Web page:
Stories from the Buddha's Previous Lives - Translated from the Sanskrit by A.N.D. Haksar.
The Jatakamala is a famous work in both sacred Buddhist and classical Sanskrit literature. It recounts thirty-four stories of the Buddha's previous births, and his good deeds in those earlier incarnations as a god, man or an animal. Written in elegant Sanskrit prose and verse in the fourth century A.D., these tales were later translated into Chinese and Tibetan. Several feature in the Ajanta cave paintings. Their colourful backgrounds range from a sea voyage to a battle scene, a forest fire to a royal hunt and from the charms of the harem to the horrors of hell. Popular through the ages, they remain highly readable today, both for their timeless message of compassion and concord, and the vivid, dramatic imagery with which it is presented. Twelve of these tales are not found in any other collection including the Pali Jataka texts. Arya Shura, the author of the Jatakamala, is known in tradition as a saintly teacher and an authority on prosody. In all probability he was a Buddhist monk. No details are available of his life, except that he wrote several other works, some of which are extant only in Tibetan and Chinese translations.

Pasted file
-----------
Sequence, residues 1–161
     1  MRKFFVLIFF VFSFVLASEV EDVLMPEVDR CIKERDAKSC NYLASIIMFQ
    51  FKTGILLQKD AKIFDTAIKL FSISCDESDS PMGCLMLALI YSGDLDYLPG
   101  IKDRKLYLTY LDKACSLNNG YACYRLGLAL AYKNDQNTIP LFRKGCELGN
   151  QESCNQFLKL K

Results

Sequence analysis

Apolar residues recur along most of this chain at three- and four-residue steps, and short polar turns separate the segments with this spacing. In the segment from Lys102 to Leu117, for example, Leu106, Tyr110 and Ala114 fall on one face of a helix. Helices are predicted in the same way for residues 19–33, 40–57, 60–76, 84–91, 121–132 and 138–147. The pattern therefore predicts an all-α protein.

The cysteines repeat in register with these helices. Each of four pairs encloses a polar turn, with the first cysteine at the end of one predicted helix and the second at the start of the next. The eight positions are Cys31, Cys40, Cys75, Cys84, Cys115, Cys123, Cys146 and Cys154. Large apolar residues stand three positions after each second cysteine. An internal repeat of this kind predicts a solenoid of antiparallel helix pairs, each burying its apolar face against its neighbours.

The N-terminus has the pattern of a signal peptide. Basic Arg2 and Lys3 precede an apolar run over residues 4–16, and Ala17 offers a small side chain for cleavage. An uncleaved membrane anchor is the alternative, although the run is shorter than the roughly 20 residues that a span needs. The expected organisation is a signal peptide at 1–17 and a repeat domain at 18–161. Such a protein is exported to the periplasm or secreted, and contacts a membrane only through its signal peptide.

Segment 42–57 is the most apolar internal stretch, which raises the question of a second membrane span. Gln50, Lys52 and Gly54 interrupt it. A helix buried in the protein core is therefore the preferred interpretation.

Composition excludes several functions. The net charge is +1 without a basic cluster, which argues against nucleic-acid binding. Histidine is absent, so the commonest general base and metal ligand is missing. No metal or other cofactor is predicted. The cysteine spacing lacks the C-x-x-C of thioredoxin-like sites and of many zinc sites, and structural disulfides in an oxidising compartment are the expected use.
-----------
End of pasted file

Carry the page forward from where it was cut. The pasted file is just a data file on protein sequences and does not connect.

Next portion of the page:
About the Author
Aditya Narayan Dhairyasheel Haksar was born in Gwalior and educated at the Doon School and the universities of Allahabad and Oxford. A well-known translator of Sanskrit classics, he has had a distinguished career as a diplomat, serving as Indian high commissioner to Kenya and the Seychelles, minister to the United States, and ambassador to Portugal and Yugoslavia. His translations from the Sanskrit include Subhashitavali, Kama Sutra, Three Satires from Ancient Kashmir, The Courtesan's Keeper and The Seduction of Shiva, all published as Penguin Classics. Some other books are Shuka Saptati (Rupa and Co.) and Madhav and Kama (Roli Books). He has also edited Glimpses of Sanskrit Literature and compiled A Treasury of Sanskrit Poetry for the Indian Council for Cultural Relations.